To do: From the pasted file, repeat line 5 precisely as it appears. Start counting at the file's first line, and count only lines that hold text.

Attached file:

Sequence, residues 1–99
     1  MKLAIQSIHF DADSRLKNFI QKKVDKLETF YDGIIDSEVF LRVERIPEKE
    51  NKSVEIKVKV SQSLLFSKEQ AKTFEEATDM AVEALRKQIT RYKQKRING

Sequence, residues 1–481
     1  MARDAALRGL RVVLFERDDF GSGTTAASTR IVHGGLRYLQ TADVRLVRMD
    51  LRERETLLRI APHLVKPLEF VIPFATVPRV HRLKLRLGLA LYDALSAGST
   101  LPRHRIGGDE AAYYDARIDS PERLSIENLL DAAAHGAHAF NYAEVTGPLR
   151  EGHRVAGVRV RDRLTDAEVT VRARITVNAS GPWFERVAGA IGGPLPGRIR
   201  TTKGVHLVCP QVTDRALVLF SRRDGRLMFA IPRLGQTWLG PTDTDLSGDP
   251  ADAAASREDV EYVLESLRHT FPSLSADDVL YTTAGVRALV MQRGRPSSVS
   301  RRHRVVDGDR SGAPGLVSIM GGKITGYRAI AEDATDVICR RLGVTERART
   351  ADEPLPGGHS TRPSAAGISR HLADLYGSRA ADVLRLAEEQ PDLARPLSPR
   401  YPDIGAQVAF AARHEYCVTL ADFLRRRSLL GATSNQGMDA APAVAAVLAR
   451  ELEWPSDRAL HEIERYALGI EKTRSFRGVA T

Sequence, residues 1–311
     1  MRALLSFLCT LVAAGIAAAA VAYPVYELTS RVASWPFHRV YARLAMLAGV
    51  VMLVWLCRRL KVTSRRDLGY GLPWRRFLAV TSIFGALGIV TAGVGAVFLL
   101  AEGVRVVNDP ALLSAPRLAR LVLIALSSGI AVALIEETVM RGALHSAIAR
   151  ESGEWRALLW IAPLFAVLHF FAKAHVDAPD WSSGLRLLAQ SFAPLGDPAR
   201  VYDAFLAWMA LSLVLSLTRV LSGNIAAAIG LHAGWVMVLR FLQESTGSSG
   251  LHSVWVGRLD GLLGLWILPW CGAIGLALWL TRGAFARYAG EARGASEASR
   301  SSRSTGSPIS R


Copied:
     1  MARDAALRGL RVVLFERDDF GSGTTAASTR IVHGGLRYLQ TADVRLVRMD